Uzbekistan: The Andijon Uprising
Asia Briefing N°38
25 May 2005
On 13-14 May 2005, the government of Uzbekistan brutally suppressed a popular uprising in the eastern city of Andijon and the surrounding area. President Islam Karimov announced his forces had acted to end a revolt by Islamist extremists, yet the hundreds of victims -- possibly as many as 750 -- were mostly unarmed civilians, including many children. The uprising was not a one-off affair. It was the climax of six months in which especially ruinous economic policies produced demonstrations across the country. Nor is it likely to be the last serious bloodshed unless Western governments and international bodies press much harder for fundamentally different political and economic policies. Anger and frustration with the regime are tangible everywhere in Uzbekistan, and the explosion point is dangerously near.
The uprising began with protests over the trial of 23 local businessmen accused of involvement in Islamic extremism and acts against the state. Karimov was quick to blame Islamic groups, a theme eagerly adopted by the Russian government. However, there is no publicly available evidence for the involvement of jihadists: the businessmen were part of a self-help collective of entrepreneurs that, although motivated by religion, has shown no inclination to violence. Relatives of the men say the trial was motivated by their economic success and their growing power in the city due to their provision of charity to the less fortunate. The government has linked the protests and the 23 businessmen to the Islamist Hizb ut-Tahrir organisation but has offered no evidence, and the businessmen's families deny any connection.
That an armed crowd broke into Andijon prison on 12 May 2005, freeing as many as 500 prisoners, was certainly a crime, but the government's response was to fire indiscriminately into unarmed, peaceful civilians who had gathered after the prison break. This seems to be when most of the civilian deaths occurred. The uprising comes after a period of rising tensions throughout Uzbekistan. Protests have taken place across the country in the past six months, mostly driven by government decrees that levied high tariffs on imports and restricted the activities of bazaar traders. In Uzbekistan's failing economy, shuttle trading across borders is sometimes the only way people have of making a living. Worsening corruption and bureaucracy have prompted rising anger against the government, as have shortages of gas and electricity throughout a very cold winter.
Uzbeks face an increasingly repressive economic and political environment. Anyone who opposes the regime is liable to be accused of being an Islamist radical or terrorist. There are small numbers of both in Uzbekistan but the vast majority of protests have been by people angered by economic policies that have concentrated wealth in the hands of a tiny elite while stifling opportunities for others. Industry is in dire straits, foreign investment has evaporated, and agriculture provides almost no income for farmers. The World Bank calls Uzbekistan a "Low-Income Country under Stress", a polite term for a state at serious risk of failing. But the international community has been slow to recognise the dangers of instability.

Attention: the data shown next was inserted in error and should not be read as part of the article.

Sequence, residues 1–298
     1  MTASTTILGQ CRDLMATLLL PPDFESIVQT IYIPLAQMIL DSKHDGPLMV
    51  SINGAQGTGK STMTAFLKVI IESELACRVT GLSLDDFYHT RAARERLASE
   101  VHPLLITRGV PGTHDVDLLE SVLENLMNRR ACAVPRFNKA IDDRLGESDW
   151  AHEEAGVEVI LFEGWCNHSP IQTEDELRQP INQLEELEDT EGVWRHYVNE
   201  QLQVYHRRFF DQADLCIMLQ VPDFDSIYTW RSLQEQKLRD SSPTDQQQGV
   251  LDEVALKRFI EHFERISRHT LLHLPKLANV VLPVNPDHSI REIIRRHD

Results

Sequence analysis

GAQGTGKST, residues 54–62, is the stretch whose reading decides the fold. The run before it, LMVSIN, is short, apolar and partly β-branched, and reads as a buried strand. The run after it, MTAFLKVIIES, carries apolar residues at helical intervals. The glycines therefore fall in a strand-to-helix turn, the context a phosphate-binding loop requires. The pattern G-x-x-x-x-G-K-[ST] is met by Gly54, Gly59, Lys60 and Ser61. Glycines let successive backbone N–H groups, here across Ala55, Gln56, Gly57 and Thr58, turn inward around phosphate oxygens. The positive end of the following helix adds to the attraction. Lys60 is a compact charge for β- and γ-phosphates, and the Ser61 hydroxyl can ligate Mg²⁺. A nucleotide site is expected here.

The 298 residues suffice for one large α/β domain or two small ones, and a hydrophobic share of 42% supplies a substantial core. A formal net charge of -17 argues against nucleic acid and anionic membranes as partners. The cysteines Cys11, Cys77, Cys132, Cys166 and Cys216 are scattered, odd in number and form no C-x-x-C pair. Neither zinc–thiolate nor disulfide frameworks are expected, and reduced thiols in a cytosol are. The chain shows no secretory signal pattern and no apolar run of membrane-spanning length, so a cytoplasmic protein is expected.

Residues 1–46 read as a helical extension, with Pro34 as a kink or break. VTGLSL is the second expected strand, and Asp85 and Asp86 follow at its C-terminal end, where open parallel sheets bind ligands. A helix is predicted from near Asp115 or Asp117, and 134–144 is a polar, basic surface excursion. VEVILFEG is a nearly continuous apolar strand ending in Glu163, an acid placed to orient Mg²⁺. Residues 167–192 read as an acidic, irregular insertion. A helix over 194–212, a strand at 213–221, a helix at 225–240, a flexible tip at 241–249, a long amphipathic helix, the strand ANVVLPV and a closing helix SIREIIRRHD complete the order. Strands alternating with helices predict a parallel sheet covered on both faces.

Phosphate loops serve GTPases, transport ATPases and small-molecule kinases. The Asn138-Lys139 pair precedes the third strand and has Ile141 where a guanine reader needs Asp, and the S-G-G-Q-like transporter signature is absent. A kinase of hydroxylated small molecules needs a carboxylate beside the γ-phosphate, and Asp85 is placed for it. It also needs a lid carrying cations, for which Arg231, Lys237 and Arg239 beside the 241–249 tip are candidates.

Russia and China have strongly backed Karimov's approach, ignoring the reality that his failed economic policies and political restrictions have fuelled the potential for a serious Islamist opposition. U.S. policy has focused almost entirely on maintaining a strong security relationship, with far less attention to improving human rights, encouraging political reforms or opening the economy, thus inevitably undercutting these objectives and adding to some of the very risks that Washington says it is engaged in the region to prevent.
Unless Uzbekistan urgently adopts widespread economic and political reforms, it is likely to move with greater speed towards state failure. This would have a profound impact on all Central Asia, including Afghanistan. Chaos in the region would be the best possible outcome for a number of underground Islamist groups that are active in Uzbekistan and its neighbours.
As a first step toward assessing the true condition of the country, democratic governments and the Organisation for Security and Cooperation in Europe (OSCE), of which Uzbekistan is a member, should press, following the lead of the UN High Commissioner for Human Rights, for an independent and international investigation into what happened in Andijon. If President Karimov continues to block such transparency, governments will need to ask themselves whether the only way to avoid being tainted themselves by association with the Uzbek government, and to shock the Uzbek authorities into reform before it is too late, is to pull back their assistance and begin to distance themselves from the regime.
Bishkek/Brussels, 25 May 2005